Our James family’s cousin, Bobby Brush, died this morning at age 53. His was an extraordinary life, in fact, an heroic life. Bobby lived in those recesses which most people never experience or will recognize. Bobby was born with what is called today a pre-condition. Bobby was born with Down Syndrome.
From birth, Bobby’s life was in peril. His only assurance was his life would not be long. He could expect 18 years at most, maybe a bit longer if he was lucky. Bobby beat his odds.
Had Bobby been born a decade earlier, society surely would have banished him to its darkest shadows, never to experience the things most people take for granted, like playing ball, having friends, living independently, or going to work.
Had Bobby’s parents the means, they surely would have given all to make Bobby’s life, at best, an average one. But they were people of average means with limited resources. Still, they gave everything they had. When Bob & Eleanor James Brush died, Bobby’s sisters Anne and Elizabeth assumed his care with dedication and human compassion.
Before Bobby entered his teens, another family entered Bobby’s life. The late Senator Ted Kennedy and the Kennedy family established programs to help those born with Down’s syndrome meet their challenges. With his family’s and the support of the Kennedy family, Bobby attended school, made friends, and played games. In time he got a job in a bank, went to work every day, and lived with friends. I recall Bobby in 2000 when he offered an elegant toast to “my favorite aunt,” Deanie James, at her funeral. Bobby’s afflicted life had developed heroically.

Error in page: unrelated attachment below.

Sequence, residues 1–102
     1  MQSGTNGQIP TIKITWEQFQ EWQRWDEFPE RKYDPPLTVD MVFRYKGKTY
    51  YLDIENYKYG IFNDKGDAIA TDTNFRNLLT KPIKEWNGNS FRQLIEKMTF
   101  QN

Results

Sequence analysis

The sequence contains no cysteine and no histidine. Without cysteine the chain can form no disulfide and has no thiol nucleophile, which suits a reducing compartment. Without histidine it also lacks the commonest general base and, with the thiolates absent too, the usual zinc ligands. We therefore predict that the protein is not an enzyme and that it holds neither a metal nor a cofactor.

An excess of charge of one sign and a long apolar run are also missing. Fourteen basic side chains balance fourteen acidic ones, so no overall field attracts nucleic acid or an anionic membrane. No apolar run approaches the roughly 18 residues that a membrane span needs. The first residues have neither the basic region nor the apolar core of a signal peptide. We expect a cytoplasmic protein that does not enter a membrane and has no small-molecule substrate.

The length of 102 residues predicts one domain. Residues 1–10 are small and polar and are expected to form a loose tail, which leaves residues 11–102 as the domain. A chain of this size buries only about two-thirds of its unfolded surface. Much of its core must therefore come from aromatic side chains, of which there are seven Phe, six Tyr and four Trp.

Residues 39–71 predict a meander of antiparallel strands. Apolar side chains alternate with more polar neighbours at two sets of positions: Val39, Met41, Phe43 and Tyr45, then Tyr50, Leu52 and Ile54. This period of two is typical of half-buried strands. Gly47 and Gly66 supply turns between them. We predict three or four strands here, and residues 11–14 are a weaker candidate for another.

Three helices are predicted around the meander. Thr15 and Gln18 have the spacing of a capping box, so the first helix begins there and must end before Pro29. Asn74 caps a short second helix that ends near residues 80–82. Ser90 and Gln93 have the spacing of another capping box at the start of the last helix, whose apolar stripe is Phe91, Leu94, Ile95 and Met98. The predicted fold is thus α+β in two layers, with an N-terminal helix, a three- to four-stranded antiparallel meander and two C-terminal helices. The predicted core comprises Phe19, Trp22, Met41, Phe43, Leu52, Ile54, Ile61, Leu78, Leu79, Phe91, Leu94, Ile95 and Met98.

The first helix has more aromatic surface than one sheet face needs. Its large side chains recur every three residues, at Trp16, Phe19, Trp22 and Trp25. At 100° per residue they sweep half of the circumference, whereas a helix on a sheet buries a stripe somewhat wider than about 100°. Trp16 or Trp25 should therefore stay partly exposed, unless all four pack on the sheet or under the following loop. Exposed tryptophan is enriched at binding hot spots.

In recent years, Bobby encountered Alzheimer’s, not a pre-condition of life like his Down’s syndrome, but just as devastating. Bobby had been on my mind for a while recently, particularly as I watched those who were not born with Bobby’s pre-condition swarm mindlessly and with antagonism over issues of public health care, with a lack of human compassion that is far too loud.
I’m grateful for the compassion Bobby’s parents and sisters showed him. I’m grateful for the foresight of the Kennedy family. I’m grateful for each person who helped Bobby to live his life as the rest of us do. With their support, Robert Charles Brush lived a truly heroic life. May his life never be dishonored by those who would withhold what it takes to make heroes of those damaged through no fault of their own by life’s pre-conditions.
UPDATED: March 24, 2018
In honor of Bobby and Eleanor Marie James Brush, Bobby’s mother, and others among our James family who live with Down Syndrome.